When I attended this year’s Sundance Film Festival, I skipped a movie called God’s Pocket predominantly because I needed sleep, but also because it starred Philip Seymour Hoffman. Later that day while waiting in line for another film, a fellow film critic asked if I had seen the aforementioned movie, to which I replied “Pfft, no! I don’t like Phillip Seymour Hoffman.” Several days later, the news came out saying he had died. Well, damn, didn’t I feel like a prick? It seems more high-profile, beloved celebrities have died this year than before – or maybe the Internet’s never-ending news cycle is just meaning we get more and more coverage of it – so here are some handy hints to not be a dick when talking about it with fans who are legitimately overwhelmed or upset.

Try Not Being a Dick
Look, this one’s pretty self-explanatory. Unless you’re in like-minded company, don’t immediately start spouting off about how you were “never a fan” or that “they were never that good anyway.” You will come off looking like a Grade-A douchebag who enjoys dancing on peoples’ graves. Just don’t do it. As you mother would tell you, if you don’t have something nice to say, shut your god-damned trap!


Stop Grand-standing Your Sadness
Or as I like to call it: grand-saddening. If you were a fan of that person then I feel bad for you, but don’t act like your grief over somebody who you didn’t personally know is any more important than somebody else’s grief. And for the love of God, don’t make it all about you with declarations of “but I was their biggest fan!” It’s far too easy in this day and age where people’s most inane thoughts can be projected out into the universe – especially if you are what’s known as an “online celebrity” who is given far too much agency to write about themselves and their inflamed ego – to make everything about you, but if you’re starting a sentence with “When I was a heroin addict…” or “when I was diagnosed with depression,” then stop, drop and shut up immediately.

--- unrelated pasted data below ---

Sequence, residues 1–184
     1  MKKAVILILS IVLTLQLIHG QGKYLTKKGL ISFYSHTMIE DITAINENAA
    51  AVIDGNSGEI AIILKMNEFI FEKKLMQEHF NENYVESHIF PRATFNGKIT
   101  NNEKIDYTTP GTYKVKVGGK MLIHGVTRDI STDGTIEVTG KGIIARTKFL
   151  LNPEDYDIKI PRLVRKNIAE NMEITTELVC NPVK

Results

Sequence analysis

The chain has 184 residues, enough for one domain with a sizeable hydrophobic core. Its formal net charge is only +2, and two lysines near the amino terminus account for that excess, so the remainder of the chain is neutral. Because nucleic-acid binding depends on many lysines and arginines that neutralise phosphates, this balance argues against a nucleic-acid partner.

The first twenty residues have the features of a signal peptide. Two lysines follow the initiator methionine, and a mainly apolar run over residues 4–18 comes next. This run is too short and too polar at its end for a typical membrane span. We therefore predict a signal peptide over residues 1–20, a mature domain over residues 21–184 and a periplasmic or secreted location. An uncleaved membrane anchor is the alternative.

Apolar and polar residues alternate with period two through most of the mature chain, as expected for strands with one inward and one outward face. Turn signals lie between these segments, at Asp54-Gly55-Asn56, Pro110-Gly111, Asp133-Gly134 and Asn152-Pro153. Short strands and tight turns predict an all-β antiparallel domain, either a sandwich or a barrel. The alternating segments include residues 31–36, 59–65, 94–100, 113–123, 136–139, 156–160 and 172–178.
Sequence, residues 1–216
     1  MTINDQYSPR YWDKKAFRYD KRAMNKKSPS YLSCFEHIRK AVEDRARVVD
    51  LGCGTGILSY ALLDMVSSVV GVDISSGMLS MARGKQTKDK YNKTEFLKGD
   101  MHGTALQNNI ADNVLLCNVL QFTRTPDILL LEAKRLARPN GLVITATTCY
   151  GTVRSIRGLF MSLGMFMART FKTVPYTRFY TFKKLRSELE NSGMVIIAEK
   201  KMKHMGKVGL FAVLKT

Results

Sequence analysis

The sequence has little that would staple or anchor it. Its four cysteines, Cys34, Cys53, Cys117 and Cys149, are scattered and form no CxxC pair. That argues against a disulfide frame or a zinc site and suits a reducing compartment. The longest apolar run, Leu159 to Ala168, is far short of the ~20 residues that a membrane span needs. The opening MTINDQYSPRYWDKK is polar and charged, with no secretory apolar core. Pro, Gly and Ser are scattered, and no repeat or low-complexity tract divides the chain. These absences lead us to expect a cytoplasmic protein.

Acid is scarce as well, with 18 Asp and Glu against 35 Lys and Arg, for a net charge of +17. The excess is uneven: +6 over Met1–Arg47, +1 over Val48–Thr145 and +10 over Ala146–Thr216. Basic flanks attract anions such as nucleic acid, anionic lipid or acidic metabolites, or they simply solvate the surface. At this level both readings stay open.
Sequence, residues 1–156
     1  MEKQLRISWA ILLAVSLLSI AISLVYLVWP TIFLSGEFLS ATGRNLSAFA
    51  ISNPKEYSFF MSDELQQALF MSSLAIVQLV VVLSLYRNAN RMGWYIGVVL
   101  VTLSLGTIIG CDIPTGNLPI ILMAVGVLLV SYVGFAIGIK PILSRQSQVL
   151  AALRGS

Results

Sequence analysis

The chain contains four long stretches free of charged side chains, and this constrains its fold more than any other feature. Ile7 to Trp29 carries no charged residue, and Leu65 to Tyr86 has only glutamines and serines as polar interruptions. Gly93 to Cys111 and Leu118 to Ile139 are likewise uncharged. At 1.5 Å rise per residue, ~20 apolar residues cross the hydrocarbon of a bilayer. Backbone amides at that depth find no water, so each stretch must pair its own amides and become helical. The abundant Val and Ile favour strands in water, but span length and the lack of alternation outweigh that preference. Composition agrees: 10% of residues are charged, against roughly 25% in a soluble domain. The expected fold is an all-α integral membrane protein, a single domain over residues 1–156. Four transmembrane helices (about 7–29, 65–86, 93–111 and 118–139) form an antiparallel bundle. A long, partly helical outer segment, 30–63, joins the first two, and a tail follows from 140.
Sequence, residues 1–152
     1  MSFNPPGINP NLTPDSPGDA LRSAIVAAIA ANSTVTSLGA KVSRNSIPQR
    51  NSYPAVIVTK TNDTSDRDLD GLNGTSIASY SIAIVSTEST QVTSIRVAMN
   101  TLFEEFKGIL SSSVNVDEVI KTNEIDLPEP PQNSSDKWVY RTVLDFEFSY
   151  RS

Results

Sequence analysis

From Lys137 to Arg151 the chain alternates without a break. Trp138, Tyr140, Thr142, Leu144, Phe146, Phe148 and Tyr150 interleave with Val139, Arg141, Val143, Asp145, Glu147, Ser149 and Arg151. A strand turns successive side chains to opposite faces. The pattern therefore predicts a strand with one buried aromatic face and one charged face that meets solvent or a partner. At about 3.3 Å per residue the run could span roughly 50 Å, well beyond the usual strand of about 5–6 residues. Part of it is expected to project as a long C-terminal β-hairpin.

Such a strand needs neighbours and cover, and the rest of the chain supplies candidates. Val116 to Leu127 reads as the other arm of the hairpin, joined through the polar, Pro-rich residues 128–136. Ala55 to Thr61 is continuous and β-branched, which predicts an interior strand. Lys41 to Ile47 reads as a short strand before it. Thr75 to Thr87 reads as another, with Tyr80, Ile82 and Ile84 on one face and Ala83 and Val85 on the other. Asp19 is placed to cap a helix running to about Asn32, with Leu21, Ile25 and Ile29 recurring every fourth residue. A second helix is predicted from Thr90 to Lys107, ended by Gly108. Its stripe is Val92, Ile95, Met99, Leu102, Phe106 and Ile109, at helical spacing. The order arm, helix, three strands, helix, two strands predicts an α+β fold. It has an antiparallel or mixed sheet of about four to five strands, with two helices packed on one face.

Don’t Turn Your Two Cents into Two Dollars
Oh, you have opinions? Great! But keep them to yourself, you noob. You think it was selfish for somebody to accidentally overdose on heroin and leave families behind? You think it’s cowardly to commit suicide when confronted with a genuine perception of the end of the world? You think that just because somebody has fame and riches that drugs and mental diseases don’t affect them as badly? Chirping into conversations with such wise pearls of wisdom like these does nothing but make people feel worse and agitated while proving that these issues cross class and socioeconomic boundaries as well as race, gender, sexuality and nationality.

Forget About Spreading Gossip
It’s not a flattering look to be seen getting satisfaction out of gossiping about anybody’s misfortune, let alone in a situation like this. Don’t be that person that wants to spread the scoop before TMZ has even arrived on the scene. It’s called tact, and while there’s always more speculation and hysteria around a celebrity that doesn’t mean they, their family and their fans don’t deserve some sort of respect.

Leave the Jokes in Your Head
Unless it’s Joan Rivers, there aren’t too many people for whom distasteful jokes about death are appropriate. Best not to be that person who has to apologize for off-color jokes that you just couldn’t keep to yourself. If you think somebody may take it the wrong way then you’re probably right. Maybe you’ve been working on a Robin Williams impersonation, or a joke about Heath Ledger and Brokeback Mountain that’ll set the PC Police on high alert. Yeah, stop it right now. You’re better than that. And if the celebrity in question is a woman? Look, just don’t even go there. You know what I mean. Don’t be gross.

Image Credit: Ted Soqui

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